This pattern is mimicking the first three of the four truths, and is carried out to all four in the SN 22.56
. From this it may be said that the heart of MN118 is expressed by the four truths and five aggregates.
As an aside, I've found that keeping this simple fact in mind really cuts through a lot of the confusion that surrounds practice. There are a lot of vantage points possible in practice, a lot of methods exist, a lot of investment made in them by their practitioners, but really, it all relates back to the four truths, starting with "understand the five aggregates".
Anyway, there are still three other lists in MN10, so lets keep going.
I think the most straight forward interpretation of the six-sense-base list is that it illustrates that all the fetters arise from contact with the world, so to speak. This is also an important list as it is the one most closely related to DO:"And which All is a phenomenon to be abandoned? The eye is to be abandoned.  Forms are to be abandoned. Consciousness at the eye is to be abandoned. Contact at the eye is to be abandoned. And whatever there is that arises in dependence on contact at the eye — experienced as pleasure, pain or neither-pleasure-nor-pain — that too is to be abandoned." SN 35.24
With DO not all of the aggregates are mentioned explicitly, but their presence is implicit. What is always mention is the sense base, the contact and consciousness classes arising there (eye-contact, ear-consciousness, etc). So watching how the sense bases can give rise to the fetters (of lust, delight, etc) we see how DO operates from beginning to end. Because the DO is taught as it is, it seems clear that the six sense bases and the aggregates are two halves of the same coin, as it were. I'm pretty sure there's a sutta to that effect, but I don't think I'm going to look it up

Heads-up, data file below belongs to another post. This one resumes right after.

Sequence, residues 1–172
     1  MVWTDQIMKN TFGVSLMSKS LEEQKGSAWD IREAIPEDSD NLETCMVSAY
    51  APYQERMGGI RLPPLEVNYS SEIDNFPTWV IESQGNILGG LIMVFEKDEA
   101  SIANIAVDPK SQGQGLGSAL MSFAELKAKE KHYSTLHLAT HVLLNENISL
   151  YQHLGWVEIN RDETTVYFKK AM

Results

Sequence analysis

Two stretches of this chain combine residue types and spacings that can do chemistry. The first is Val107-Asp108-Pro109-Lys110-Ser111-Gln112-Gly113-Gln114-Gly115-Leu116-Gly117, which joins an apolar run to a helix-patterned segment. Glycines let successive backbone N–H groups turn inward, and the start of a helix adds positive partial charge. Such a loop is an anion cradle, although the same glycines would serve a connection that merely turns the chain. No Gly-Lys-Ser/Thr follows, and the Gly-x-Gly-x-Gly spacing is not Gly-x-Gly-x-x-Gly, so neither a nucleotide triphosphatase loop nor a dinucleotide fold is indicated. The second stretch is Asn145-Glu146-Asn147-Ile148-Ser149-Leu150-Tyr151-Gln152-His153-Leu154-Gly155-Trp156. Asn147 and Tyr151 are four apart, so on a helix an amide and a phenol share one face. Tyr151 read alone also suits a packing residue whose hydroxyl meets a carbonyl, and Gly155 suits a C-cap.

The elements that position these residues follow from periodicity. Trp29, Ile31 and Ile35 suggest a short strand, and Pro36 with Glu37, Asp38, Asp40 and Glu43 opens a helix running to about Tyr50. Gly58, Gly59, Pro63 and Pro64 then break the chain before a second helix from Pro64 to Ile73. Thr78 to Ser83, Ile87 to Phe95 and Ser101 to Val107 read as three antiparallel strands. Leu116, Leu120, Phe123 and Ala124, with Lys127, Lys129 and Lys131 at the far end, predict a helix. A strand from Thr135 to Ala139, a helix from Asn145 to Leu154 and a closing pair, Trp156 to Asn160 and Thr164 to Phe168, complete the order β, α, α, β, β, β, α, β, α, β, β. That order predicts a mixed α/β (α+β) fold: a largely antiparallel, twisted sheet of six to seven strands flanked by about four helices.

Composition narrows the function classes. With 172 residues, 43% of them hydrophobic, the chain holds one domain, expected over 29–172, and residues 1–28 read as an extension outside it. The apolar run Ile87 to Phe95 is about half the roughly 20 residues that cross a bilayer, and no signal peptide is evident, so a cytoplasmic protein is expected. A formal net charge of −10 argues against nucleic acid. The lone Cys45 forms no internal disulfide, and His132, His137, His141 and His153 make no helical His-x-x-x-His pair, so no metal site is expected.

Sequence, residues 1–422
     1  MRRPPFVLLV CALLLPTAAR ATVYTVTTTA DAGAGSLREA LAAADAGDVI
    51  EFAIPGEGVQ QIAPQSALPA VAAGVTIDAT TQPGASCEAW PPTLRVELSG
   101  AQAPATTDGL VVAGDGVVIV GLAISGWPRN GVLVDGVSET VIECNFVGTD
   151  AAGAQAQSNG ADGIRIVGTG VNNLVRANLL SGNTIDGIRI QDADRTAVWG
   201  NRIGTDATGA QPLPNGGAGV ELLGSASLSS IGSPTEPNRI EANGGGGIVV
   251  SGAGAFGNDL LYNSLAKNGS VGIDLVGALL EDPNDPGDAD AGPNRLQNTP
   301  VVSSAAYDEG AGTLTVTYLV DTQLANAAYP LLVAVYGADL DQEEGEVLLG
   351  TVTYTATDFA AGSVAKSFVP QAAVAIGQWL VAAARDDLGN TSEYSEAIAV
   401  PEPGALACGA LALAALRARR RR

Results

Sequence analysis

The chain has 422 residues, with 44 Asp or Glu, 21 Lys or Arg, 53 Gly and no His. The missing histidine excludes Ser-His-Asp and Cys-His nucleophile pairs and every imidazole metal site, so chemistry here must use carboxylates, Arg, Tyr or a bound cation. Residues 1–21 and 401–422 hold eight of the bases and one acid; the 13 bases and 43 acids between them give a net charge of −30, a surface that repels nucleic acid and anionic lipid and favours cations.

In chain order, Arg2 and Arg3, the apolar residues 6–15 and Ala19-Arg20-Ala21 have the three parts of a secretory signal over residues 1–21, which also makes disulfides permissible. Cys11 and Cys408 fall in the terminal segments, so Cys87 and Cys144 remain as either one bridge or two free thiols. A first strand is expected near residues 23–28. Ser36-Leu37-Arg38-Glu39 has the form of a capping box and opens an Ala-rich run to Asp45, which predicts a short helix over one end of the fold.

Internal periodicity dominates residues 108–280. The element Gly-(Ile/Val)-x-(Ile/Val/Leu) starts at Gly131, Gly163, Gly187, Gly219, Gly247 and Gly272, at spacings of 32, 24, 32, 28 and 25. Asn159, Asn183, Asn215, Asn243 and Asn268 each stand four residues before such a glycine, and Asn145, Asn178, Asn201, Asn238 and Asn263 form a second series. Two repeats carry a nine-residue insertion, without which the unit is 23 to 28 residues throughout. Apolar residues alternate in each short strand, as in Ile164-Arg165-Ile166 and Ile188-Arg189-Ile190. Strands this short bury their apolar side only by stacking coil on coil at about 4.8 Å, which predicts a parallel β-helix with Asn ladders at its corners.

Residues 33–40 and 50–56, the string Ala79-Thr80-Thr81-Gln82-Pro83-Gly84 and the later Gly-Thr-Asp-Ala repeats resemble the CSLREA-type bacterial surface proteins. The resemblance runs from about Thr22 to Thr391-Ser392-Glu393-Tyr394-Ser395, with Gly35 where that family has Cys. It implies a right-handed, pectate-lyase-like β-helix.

At anyrate, I think the six sense bases are the best vantage point for everyday mindfulness (as opposed to the mindfulness of samadhi), as they allow you to have a clear starting point in your observations.
Now, about the last lists: the hindrances and enlightenment factors.
I think their import is indicated the inclusion of the seven factors at the end of MN118. Obviously the completion of the 16 steps engenders the fullfillment of the seven. Of course, the five are not explicitly mention there along with them, but are implied as having been abandoned. In this case the inclusion of these two lists in MN10 suggest, as with the feeling and mind frames above, that we should consider this frame to straddle ordinary mind and jhana mind. We abandon the hindrances step by step, giving rise to the enlightenment factors in their place. If you haven't read SN 46.51
, do so now. It's pretty great.
Ugh, my mind is burnt out.
Now that I'm done this 'commentary' I think it wise to add the disclaimer: "I am not an arahant, and as that is the case it must fall to the reader to consider my opinion and discern its validity for themselves. All opinion on the path, fruit and what have you is only provisional, serving to get you to the place of certainty -- the 'undeceptive' that is the goal."
Have a good night porpoise, thanks for starting this thread, as I have learned much.